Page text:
Tripoli water supply stopped by gunmen – Al Marsad

Libya, 20 May 2019 – The Man-Made River (MMR) water supply to Tripoli has been cut as a result of gunmen attacking the Al-Hassouna pumping station near Shwerif, some 400 kilometres south of the capital, and forcing staff to turn off the valves. The attack took place yesterday.

In addition to many districts of the city, towns in western Libya, including those in the Jebel Nafusa, are also now without water.

In a statement, the MMR company said that the gunmen had said that the supply would remain cut until “their demands were met”.

The group responsible for the attack are reported to be the Ahnish gang, a pro-Qaddafi militia in the Brak Al-Shatti area currently led by Khalifa Ahnish. On a number of occasions over the past year and a half, it has attacked the same pumping station and turned off the valves in an attempt to force the release of its leader Mabrouk Ahnish, brother of Khalifa. He was captured in the Wershefana district west of Tripoli in October 2017 with a groups of Sudanese mercenaries. He was handed over to Tripoli militia leader Abdul Raouf Kara who is still holding him at Mitiga airbase.

The Ahnish were also said to be behind the kidnapping in July last year of a South Korean and three Filipino engineers, also at the Al-Hassouna station, trying to use them to bargain for Mabrouk’s freedom. They were finally released and flown to Abu Dhabi last week. According to the UAE foreign ministry, they were freed following “intensive efforts” made by the the foreign ministry “in coordination and cooperation” with the Libyan National Army.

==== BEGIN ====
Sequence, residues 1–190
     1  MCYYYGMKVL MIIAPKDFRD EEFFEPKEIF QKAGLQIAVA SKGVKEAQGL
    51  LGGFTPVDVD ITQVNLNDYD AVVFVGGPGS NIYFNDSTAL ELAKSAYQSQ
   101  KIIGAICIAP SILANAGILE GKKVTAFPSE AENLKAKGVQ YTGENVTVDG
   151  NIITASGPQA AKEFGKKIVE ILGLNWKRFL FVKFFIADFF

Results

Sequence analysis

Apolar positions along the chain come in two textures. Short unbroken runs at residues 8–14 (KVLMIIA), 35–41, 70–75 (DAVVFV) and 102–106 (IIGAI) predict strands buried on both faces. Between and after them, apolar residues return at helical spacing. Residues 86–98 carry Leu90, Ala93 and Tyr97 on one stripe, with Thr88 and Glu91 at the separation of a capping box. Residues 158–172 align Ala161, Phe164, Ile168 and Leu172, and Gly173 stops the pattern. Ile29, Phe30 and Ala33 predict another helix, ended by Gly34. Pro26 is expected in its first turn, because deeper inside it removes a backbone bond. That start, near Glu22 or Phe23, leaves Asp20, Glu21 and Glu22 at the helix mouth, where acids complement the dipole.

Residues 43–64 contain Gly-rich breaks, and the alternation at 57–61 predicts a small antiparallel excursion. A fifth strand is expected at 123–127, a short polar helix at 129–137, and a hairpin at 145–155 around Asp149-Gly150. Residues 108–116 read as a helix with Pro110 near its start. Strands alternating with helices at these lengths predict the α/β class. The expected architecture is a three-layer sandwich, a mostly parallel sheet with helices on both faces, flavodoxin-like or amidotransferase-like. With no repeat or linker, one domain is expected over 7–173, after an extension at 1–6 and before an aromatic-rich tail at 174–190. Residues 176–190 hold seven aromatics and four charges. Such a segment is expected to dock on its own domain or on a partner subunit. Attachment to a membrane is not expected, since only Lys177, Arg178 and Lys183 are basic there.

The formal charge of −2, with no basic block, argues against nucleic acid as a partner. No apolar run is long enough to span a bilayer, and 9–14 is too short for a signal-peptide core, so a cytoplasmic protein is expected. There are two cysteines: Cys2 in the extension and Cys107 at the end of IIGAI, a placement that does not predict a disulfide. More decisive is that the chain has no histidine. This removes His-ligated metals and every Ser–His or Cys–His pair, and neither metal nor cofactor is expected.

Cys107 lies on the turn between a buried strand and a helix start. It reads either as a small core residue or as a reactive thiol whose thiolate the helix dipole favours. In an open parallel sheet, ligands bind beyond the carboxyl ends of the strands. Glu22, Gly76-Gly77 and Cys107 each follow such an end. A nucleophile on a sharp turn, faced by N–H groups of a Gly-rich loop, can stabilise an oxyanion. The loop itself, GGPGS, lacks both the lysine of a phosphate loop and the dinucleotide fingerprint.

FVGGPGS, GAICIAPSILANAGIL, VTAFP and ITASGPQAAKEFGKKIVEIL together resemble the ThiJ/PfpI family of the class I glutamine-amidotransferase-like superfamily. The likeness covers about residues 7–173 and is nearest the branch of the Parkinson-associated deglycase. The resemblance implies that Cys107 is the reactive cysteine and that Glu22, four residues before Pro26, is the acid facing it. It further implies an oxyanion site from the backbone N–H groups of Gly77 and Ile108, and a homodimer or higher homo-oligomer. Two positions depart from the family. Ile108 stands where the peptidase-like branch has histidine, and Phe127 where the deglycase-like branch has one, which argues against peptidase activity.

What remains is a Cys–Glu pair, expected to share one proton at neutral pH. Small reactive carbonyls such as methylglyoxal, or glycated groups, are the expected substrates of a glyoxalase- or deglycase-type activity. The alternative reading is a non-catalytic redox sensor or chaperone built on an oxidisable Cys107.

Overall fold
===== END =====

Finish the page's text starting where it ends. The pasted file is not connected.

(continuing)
The Presidency Council’s interior ministry headed by Fathi Bashagha has put out a statement blaming the Ahnish for the latest attack, claiming that the gang is now “part of the forces of the war criminal Khalifa Haftar” and calling it a war crime. It claimed that that the fact that the LNA helped secure the freedom of the three Filipinos and the South Korean was proof of its involvement with the Ahnish.

Condemning the attack today, the UN Humanitarian Coordinator in Libya and deputy head of UNSMIL, Maria Ribeiro, also said that “such attacks against civilian infrastructure that are essential for the survival of the civilian population may be considered war crimes”.

Like the Tripoli interior ministry, social and other media supporting the Presidency Council have also accused the LNA of behind the attack, suggesting that it was intended to put a stranglehold on the city.

However, areas south of Tripoli currently controlled by the LNA, including Qasr Ben Ghashir, as well as Gharyan and Asabea in the Jebel Nafusa are also affected.

Furthermore, Khalifa and Mabrouk Ahnish’s political loyalties are far from obvious, apart from being supporters of the former Qaddafi regime.  The Ahnish are seen generally as independent rogue elements pursuing their own agenda, top of which is forcing Kara to free Mabruk Ahnish. In late 2017, Khalifa Ahnish made it clear in a video that he did not support Haftar, saying that he was with Ali Kani, who led a pro-Qaddafi force in the south at the time but who in February this year was made commander of the region by Presidency Council head Faiez Sarraj. Following the 2017 video, Kani denied any connection with the Ahnish brothers.

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